JS Style Guide

First and Foremost

ALWAYS use JSHint on your code.

Note

There are some exceptions for which JSHint complains about things in node that you can ignore, like how it doesn’t know what ‘const’ is and complains about not knowing what ‘require’ is. You can add keywords to ignore to a .jshintrc file.

Variable Formatting:

// Classes: CapitalizedWords
var MyClass = ...

// Variables and Functions: camelCase
var myVariable = ...

// Constants: UPPER_CASE_WITH_UNDERSCORES
// Backend
const MY_CONST = ...

// Client-side
var MY_CONST = ...

Indentation

4-space indents (no tabs).

For our projects, always assign var on a newline, not comma separated:

// Bad
var a = 1,
    b = 2,
    c = 3;

// Good
var a = 1;
var b = 2;
var c = 3;

Use [] to assign a new array, not new Array().

Use {} for new objects, as well.

Two scenarios for [] (one can be on the same line, with discretion and the other not so much):

// Okay on a single line
var stuff = [1, 2, 3];

// Never on a single line, multiple only
var longerStuff = [
    'some longer stuff',
    'other longer stuff'
];

Never assign multiple variables on the same line

Bad:

var a = 1, b = 'foo', c = 'wtf';

DO NOT line up variable names

Bad:

var wut    = true;
var boohoo = false;

Semi-colons

Use them.

Not because ASI is black-magic, or whatever. I’m sure we all understand ASI. Just do it for consistency.

Conditionals and Loops

// Bad
if (something) doStuff()

// Good
if (something) {
    doStuff();
}

Space after keyword, and space before curly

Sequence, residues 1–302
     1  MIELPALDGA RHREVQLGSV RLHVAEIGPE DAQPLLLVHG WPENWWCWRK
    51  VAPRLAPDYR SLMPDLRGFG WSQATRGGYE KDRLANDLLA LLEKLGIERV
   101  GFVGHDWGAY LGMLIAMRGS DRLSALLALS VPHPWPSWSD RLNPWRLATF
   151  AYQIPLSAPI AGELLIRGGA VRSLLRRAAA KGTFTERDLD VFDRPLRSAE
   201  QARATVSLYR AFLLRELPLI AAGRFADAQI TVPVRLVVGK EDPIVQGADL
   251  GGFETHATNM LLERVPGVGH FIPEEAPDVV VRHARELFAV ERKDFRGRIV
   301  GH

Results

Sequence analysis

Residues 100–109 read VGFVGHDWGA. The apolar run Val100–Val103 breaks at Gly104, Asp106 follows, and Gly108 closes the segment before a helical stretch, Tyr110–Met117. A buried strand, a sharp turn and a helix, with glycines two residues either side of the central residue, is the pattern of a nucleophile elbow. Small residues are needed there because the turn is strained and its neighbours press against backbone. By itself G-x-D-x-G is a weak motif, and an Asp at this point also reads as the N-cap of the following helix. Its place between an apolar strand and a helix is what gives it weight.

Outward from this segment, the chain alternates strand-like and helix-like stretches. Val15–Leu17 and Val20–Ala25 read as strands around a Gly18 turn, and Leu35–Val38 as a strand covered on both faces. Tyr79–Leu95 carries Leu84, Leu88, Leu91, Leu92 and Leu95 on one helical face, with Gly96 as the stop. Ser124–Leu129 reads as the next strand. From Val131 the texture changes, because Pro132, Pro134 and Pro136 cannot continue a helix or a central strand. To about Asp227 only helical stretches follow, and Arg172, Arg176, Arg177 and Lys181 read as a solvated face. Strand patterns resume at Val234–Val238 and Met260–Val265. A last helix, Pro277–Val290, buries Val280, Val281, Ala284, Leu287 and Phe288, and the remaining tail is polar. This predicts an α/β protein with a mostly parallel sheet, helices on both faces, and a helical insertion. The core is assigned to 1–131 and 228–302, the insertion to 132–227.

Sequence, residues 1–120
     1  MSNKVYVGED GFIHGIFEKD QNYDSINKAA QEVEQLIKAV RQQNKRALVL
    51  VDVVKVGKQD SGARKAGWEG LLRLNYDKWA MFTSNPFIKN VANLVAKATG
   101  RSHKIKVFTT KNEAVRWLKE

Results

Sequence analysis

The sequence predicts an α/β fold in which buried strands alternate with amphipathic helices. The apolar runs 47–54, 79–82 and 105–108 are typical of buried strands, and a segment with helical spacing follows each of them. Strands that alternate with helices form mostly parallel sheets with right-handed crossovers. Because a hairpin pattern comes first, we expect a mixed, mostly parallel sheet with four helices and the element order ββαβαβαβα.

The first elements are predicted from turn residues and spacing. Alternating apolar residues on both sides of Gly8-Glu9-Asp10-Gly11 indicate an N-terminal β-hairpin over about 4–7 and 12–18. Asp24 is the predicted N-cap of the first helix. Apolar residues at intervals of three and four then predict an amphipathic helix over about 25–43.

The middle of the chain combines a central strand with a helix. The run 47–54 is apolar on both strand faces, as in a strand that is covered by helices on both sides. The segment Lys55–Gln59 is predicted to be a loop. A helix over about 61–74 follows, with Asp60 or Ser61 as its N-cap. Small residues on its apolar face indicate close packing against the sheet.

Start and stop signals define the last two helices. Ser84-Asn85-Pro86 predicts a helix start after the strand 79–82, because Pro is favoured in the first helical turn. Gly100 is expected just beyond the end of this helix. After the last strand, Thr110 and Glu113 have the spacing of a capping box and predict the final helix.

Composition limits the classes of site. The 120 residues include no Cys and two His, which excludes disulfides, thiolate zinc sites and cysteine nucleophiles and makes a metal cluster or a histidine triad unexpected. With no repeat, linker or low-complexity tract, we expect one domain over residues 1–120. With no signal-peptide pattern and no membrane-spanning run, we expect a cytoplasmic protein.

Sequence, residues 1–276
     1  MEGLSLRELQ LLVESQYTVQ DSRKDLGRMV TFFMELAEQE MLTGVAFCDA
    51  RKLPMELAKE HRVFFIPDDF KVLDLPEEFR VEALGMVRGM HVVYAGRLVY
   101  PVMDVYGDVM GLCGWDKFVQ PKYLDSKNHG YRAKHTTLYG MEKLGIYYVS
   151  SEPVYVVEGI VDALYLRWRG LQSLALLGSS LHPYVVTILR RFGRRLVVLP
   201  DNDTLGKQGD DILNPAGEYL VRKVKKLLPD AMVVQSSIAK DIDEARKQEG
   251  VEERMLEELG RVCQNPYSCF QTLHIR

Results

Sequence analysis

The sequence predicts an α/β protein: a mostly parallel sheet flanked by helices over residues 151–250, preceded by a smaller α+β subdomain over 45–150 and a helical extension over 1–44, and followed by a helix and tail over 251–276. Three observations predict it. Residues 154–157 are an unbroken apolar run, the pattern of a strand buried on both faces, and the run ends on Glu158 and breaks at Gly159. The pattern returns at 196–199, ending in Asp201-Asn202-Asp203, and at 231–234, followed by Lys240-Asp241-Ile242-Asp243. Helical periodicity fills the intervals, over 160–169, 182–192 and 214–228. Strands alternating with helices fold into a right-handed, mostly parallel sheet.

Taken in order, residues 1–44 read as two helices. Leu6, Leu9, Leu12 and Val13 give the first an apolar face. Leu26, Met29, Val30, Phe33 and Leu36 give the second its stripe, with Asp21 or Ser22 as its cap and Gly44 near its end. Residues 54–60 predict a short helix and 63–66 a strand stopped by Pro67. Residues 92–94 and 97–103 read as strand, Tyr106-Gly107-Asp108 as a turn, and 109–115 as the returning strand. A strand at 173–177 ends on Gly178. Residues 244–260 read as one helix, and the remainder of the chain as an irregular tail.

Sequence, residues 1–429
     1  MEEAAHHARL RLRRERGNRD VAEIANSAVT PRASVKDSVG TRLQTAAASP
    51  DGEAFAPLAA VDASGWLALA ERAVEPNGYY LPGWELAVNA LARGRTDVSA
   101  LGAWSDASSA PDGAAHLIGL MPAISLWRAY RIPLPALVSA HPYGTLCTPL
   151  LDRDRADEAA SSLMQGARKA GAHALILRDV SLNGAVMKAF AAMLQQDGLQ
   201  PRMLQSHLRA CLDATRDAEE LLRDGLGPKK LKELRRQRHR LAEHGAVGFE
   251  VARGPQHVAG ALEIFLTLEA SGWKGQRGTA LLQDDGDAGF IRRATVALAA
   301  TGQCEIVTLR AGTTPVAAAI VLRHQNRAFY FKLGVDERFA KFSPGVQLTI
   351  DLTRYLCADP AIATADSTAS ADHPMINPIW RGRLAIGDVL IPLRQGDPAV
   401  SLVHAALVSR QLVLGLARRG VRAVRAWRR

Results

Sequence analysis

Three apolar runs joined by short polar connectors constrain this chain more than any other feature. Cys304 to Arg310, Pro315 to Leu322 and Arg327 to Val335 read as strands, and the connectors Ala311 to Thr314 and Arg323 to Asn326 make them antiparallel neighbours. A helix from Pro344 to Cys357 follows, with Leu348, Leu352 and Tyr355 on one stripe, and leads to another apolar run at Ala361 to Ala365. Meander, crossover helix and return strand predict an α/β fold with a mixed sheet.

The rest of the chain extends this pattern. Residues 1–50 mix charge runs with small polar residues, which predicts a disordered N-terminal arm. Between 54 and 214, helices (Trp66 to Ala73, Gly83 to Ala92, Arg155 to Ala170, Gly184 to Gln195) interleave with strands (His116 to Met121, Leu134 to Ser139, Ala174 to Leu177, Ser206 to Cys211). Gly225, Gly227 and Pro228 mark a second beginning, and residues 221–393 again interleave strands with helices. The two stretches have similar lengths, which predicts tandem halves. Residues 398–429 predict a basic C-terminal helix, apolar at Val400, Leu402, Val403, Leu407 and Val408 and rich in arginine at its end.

// Bad
if(bad){

}

// Good
if (something) {

}

Functions

Named Functions

There’s no need to explicitly name a function when you’re already assigning it to a descriptively named symbol:

var updateOnClick = function() { ... };

...or...

var someObject = {updateOnClick: function() { ... }

Most modern JS engines will infer the name updateOnClick for the above anonymous function and use it in tracebacks.

Of course, if you’re passing a nontrivial function as an argument, you should still contrive to name it somehow. The meaning here would be needlessly obscured if the anonymous function were, for example, 10 lines long:

.forEach(function() { ... })

In such cases, either name the function, or pass a descriptively named symbol that points to a function.

Whitespacing Functions

No space between name and opening paren. Space between closing paren and brace:

var method = function(argOne, argTwo) {

};

Anonymous Functions

Anonymous functions are fine if they have a small amount of code in them. See the Named Functions section for info about inferred function names for anonymous functions.

Operators

Always use ===.

Only exception is when testing for null and undefined.

Example:

if (value != null) {

}

Quotes

Always use single quotes: 'not double'

Only exception: "don't escape single quotes in strings. use double quotes"

Comments

For node functions, always provide a clear comment in this format:

/* Briefly explains what this does
 * Expects: whatever parameters
 * Returns: whatever it returns
 */

If comments are really long, also do it in the /* ... */ format like above. Otherwise make short comments like:

// This is my short comment and it ends in a period.

Ternaries

Try not to use them.

If a ternary uses multiple lines, don’t use a ternary:

// Bad
var foo = (user.lastLogin > new Date().getTime() - 16000) ? user.lastLogin - 24000 : 'wut';

// Good
return user.isLoggedIn ? 'yay' : 'boo';

General Good Practices

If you see yourself repeating something that can be a constant, refactor it as a single constant declaration at the top of the file.

Cache regex into a constant.

Always check for truthiness:

// Bad
if (blah !== false) { ...

// Good
if (blah) { ...

If code is really long, try to break it up to the next line or refactor (try to keep within the 80-col limit but if you go a bit past it’s not a big deal). Indent the subsequent lines one indent (2-spaces) in.

If it looks too clever, it probably is, so just make it simple.